I first encountered the medical vs social models
of disability during a training course on disability awareness about a year ago - to say it opened my eyes would be a fair assessment: I've certainly found it informing my ideas and the way I relate to many many things ever since.
There's good reading in that link, but here's how I understand it:
model says that a disabled person is a person with a disability - and the disability is the problem. Barbara can't make it to the top floor because she is a paraplegic*
model says that a disabled person is a person who encounters difficulties in pursuing a normal life because of the way society is structured - society is the problem. Bobby can't make it to the top floor because there isn't a working lift in the building.
Mr. Murdock can't read the case files because it hasn't been typed into Braille.
Ms. Lucas can't fully engage in this discussion because no one's interpreting for her.**
That's not to say that sometimes talking about the medical causes for the disability isn't useful - but it's primarily useful in actual medical treatment, and frankly isn't the business of society as a whole. As someone who works with the public; as someone who interacts every week with hundreds of people if not more I have never met before, as a member of society, it's not my business why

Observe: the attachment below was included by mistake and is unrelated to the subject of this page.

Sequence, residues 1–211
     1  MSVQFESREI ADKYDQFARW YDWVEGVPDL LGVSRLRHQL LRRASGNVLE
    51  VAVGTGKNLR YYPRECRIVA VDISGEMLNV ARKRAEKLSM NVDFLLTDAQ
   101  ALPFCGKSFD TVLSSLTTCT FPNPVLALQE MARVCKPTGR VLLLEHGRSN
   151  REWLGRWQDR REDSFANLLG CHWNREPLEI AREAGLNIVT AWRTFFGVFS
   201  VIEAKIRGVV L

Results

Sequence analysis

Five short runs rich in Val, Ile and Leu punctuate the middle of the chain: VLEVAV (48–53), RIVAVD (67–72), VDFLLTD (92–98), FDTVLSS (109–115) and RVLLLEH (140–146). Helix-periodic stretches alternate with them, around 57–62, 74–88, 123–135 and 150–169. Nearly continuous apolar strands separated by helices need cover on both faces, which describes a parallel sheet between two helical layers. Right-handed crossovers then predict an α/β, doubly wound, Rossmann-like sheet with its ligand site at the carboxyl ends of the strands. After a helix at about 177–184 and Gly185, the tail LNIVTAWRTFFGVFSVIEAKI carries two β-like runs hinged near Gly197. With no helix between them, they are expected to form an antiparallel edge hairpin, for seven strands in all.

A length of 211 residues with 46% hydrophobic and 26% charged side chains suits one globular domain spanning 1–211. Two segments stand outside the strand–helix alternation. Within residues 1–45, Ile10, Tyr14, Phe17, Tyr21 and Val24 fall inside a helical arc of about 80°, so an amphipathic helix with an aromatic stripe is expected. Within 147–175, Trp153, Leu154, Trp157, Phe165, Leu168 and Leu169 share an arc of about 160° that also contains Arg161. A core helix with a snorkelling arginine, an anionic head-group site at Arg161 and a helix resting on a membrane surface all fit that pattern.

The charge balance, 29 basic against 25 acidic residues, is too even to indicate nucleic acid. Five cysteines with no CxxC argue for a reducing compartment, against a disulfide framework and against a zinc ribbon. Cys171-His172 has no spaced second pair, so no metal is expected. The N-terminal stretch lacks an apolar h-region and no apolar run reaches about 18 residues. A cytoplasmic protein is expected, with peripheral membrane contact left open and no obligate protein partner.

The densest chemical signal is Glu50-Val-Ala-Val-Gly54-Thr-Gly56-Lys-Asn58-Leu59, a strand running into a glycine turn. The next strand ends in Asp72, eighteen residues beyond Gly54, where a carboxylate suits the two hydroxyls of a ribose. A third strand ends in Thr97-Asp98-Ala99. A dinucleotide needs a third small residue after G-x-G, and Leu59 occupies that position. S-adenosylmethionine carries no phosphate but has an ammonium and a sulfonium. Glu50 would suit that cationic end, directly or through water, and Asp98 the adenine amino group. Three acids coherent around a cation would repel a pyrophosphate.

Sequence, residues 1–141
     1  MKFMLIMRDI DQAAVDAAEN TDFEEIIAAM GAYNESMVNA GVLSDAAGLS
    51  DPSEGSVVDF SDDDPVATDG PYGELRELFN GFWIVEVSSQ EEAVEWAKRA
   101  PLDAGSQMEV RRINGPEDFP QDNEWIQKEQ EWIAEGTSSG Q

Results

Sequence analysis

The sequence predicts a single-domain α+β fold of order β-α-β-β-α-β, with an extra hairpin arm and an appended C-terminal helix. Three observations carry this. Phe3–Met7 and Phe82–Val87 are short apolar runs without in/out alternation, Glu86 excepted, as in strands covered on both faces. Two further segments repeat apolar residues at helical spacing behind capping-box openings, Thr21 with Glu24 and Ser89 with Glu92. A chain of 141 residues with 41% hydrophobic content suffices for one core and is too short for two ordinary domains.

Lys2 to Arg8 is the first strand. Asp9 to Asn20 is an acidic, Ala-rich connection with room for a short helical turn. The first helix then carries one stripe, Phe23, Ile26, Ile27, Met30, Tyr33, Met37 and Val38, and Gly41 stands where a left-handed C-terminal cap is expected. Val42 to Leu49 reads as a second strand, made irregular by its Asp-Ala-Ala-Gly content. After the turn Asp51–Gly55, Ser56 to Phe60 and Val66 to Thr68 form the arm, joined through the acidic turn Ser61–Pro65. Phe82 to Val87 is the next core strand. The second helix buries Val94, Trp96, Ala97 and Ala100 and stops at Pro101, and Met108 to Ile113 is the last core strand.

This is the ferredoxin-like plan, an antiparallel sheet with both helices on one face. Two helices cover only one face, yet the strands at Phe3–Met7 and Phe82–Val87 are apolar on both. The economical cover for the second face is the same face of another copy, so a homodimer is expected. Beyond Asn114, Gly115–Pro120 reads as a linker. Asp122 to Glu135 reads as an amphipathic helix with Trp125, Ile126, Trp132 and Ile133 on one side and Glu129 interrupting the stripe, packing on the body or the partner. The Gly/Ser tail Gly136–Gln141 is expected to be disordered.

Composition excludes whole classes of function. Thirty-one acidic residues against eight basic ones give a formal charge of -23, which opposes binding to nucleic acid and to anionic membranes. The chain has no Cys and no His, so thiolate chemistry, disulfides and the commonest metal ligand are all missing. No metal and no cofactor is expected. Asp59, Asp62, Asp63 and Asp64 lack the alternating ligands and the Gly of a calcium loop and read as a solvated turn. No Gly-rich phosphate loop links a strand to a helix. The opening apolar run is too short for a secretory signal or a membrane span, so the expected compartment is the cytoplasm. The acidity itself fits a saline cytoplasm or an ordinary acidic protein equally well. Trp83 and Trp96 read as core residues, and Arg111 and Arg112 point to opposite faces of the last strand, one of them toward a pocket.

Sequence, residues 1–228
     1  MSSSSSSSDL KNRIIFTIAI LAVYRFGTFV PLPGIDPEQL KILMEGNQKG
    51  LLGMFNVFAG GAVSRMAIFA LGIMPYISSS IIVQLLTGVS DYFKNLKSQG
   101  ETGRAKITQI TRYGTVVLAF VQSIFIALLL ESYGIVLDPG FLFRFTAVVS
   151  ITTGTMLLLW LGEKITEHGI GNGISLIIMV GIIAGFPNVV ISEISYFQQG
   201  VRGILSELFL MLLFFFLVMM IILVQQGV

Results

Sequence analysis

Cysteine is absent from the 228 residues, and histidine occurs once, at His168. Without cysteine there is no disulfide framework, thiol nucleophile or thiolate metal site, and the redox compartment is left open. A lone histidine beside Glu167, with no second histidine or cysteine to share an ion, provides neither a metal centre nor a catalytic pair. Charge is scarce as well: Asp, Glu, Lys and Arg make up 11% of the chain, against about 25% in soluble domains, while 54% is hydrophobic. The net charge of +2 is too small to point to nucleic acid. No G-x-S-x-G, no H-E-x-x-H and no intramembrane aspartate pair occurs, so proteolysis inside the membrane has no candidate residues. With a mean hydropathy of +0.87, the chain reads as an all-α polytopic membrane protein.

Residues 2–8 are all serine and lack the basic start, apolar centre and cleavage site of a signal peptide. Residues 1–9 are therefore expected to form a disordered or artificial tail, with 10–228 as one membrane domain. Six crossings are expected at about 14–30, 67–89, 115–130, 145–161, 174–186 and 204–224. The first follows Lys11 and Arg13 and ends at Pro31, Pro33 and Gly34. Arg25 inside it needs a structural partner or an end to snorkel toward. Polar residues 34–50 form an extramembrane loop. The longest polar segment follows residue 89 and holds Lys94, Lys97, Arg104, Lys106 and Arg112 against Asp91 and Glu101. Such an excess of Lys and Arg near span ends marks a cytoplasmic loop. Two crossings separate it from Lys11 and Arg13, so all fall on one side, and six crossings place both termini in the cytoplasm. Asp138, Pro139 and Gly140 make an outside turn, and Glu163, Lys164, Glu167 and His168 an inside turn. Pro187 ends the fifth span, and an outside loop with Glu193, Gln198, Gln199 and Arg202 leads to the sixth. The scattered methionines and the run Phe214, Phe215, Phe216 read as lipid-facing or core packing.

a person might not be having the optimum experience they could have - my business is how can I make this better?
That's what I took away from that day. But from then on, I kept watching myself and the way I used the medical model to dictate my world view. And what happened when I re-applied the social model.
Let's take, for instance, my long standing frustration with my own difficulties with focus, memory, organisation and anxiety. I asked for referral to an NHS psychologist and I went in with determination: I am going to get myself diagnosed with - or cleared of - Attention Deficit Disorder so I can go ahead and deal with it.
Somehow I had it in my head that I couldn't proceed with my life unless I identified an illness that I could 'cure'.
In the meantime - it took 18 months between referral and my first appointment - I continued to listen to zencast
and to meditate and to explore Buddhism as a path. And I had constantly this idea that it's unhelpful to define people by their medical 'conditions', rather than accepting each person as an individual and try to change my attitude to a world full of individuals. So, when my therapist asked "well, if anti-ADD tactics work on you, does it matter if you can get a specialist diagnosis or not?" - I didn't really have much to say. Part of me wanted to bring up the maybe possibility of
perhaps drugs might fix it?
, but the majority of my mind rejected this silent plea, because I'm generally untrusting of brain drugs, given some friends' bad experiences of them and my inclination to want to fix the cause, not tape over the symptom. I prefer behavioural strategies, and Maria was right, there absolutely was no reason not to incorporate strategies into my life to see if they worked.
And they do work***
. Maybe one of these days I shall do a post about those strategies. When I remember that I'm supposed to be blogging here again. It doesn't matter if I have this 'condition' or not, what does matter is that I know my brain and know how to get it to work the way I want it to.